Arthritis is a general term used to describe joint pain or joint disease.
Actually, there are more than 100 varieties of arthritis and related conditions. This disease does not discriminate: all ages, sexes, races, and ethnicities are afflicted with arthritis. As the USA’s leading cause of disability, over 50 million adults and 300,000 children have one of the 100 varieties of this disease and related conditions. It is more common in women than men, and is more frequently diagnosed as people age. Common symptoms, which may be sporadic, include swelling, pain, stiffness and decreased range of motion. The level of pain can be mild, moderate or severe. The pain level may remain stable for a number of years, but may escalate after a long period of time. Severe arthritis pain is debilitating, causing chronic pain, the inability to perform daily tasks, and cause the inability to walk or climb stairs.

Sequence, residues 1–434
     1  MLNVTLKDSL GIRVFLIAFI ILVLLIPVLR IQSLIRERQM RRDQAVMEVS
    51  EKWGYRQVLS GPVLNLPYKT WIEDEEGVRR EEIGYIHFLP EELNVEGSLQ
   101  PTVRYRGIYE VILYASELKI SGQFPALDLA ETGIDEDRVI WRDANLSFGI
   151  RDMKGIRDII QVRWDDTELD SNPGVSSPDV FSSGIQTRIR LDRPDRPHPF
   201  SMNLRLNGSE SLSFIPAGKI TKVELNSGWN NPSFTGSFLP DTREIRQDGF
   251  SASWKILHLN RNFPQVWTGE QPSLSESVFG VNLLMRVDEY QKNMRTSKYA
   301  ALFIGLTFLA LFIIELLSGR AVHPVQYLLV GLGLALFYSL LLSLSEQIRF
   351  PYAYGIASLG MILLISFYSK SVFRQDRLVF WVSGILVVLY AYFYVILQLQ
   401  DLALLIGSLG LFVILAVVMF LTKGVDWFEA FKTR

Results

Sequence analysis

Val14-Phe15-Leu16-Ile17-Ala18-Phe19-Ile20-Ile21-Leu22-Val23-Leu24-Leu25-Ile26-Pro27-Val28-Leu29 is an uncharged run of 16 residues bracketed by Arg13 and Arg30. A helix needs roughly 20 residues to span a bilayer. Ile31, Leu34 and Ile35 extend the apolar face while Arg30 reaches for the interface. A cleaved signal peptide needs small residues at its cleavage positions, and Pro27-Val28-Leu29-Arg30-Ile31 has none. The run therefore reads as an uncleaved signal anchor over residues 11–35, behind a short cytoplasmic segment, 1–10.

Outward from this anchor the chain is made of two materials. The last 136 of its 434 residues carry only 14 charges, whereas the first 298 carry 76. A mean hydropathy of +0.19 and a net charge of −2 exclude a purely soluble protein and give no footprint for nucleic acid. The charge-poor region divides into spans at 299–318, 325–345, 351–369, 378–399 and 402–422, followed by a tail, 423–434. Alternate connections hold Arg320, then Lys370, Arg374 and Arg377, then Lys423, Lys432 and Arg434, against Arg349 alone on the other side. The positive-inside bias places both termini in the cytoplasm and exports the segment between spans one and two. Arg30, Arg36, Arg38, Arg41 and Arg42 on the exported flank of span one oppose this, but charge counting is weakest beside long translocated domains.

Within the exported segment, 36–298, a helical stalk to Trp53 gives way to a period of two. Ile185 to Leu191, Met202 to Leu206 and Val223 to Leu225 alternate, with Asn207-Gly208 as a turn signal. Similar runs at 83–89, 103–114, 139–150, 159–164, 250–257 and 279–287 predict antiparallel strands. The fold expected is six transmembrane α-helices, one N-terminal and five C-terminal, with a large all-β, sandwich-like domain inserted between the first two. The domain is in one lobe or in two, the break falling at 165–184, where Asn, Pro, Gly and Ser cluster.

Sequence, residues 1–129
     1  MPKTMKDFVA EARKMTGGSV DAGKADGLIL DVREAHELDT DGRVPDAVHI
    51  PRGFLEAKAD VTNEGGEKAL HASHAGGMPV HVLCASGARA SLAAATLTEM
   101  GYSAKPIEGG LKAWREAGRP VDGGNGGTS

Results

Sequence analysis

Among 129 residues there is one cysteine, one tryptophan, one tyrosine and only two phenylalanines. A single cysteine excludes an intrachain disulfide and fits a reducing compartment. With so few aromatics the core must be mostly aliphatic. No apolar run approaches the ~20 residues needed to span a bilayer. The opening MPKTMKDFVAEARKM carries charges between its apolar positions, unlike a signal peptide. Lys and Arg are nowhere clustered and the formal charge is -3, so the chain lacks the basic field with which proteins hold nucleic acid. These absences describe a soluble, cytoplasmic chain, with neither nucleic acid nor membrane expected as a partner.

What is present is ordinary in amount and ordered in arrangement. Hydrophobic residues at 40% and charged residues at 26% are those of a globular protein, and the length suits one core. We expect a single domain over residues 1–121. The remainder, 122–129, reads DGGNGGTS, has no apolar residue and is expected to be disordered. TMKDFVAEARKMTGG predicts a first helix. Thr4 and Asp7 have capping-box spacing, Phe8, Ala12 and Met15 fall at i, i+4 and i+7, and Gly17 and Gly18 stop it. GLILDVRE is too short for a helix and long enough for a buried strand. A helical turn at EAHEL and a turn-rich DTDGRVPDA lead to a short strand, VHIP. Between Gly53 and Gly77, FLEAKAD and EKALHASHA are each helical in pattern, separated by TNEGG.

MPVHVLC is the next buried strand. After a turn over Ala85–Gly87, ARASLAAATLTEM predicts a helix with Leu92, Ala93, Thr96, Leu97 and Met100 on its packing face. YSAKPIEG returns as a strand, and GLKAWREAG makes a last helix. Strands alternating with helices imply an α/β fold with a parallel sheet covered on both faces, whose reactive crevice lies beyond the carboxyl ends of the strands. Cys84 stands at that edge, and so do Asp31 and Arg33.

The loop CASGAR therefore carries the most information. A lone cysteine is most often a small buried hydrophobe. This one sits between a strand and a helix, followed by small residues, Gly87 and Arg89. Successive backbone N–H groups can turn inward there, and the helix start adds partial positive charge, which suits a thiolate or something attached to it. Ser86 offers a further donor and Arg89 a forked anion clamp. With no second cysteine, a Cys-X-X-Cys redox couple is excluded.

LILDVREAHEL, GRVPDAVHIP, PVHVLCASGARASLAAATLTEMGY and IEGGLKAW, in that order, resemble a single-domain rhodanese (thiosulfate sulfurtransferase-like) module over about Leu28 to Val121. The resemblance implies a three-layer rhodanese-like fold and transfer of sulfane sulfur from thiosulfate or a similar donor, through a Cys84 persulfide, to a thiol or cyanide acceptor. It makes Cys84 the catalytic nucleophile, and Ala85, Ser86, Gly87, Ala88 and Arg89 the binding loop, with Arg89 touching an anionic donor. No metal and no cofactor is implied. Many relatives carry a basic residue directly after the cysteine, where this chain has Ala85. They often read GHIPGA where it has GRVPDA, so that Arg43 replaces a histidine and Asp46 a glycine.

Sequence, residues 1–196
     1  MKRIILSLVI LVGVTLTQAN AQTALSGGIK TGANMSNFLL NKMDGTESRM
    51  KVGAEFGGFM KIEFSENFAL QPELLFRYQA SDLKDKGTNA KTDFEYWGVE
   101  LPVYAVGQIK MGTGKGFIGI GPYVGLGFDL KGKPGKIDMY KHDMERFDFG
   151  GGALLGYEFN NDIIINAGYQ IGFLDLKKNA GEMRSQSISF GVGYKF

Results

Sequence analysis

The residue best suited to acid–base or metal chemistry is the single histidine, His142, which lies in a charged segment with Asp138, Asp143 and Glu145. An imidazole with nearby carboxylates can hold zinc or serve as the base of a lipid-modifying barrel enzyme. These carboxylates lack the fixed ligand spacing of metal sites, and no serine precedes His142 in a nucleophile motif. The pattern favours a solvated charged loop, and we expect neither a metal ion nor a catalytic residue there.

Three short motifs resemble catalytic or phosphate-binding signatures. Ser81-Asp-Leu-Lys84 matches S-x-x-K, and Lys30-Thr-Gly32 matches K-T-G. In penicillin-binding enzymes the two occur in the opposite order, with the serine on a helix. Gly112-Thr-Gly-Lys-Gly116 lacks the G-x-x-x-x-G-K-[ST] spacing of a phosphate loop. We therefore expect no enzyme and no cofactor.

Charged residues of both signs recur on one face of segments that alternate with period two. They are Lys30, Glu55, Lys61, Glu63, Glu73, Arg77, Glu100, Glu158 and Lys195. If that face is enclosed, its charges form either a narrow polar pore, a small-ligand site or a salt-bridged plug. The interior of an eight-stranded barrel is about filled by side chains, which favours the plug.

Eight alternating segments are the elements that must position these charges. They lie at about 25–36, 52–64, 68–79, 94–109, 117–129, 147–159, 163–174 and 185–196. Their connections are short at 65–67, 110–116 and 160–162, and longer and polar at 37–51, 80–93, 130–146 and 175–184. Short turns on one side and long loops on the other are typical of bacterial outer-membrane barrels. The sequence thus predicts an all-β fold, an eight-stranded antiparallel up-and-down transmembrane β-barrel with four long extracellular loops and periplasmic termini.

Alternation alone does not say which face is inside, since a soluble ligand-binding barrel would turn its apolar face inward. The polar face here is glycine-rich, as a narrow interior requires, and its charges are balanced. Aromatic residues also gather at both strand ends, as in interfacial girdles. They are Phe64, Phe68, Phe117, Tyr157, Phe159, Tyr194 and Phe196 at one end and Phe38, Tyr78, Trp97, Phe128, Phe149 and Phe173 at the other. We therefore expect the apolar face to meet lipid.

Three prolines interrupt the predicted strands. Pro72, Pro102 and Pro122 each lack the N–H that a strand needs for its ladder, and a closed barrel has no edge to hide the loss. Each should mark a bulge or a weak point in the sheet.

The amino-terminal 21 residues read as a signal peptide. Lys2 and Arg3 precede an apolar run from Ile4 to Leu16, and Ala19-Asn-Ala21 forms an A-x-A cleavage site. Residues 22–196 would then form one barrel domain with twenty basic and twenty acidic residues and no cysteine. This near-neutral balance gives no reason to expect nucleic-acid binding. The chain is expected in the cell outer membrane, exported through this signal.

Arthritis can permanently disfigure joints which may be visible to the naked eye, such as gnarled finger joints.
However, most often, the damage is exclusively visible by X-ray. In addition to affecting the joints, more debilitating types of arthritis impinge on the heart, eyes, lungs, kidneys or skin. According to the Arthritis Foundation, the most common type of arthritis is osteoarthritis. Osteoarthritis is characterized with the loss of cartilage, where bone rubs against bone, causing significant chronic pain and swelling, accompanied by stiffness. Risk factors that cause arthritis are: family history, previous injury, age, and obesity. Inflammatory Arthritis, Infectious Arthritis, and Metabolic Arthritis are three classifications of the disease, which have far more complicated causes and treatments than osteoarthritis.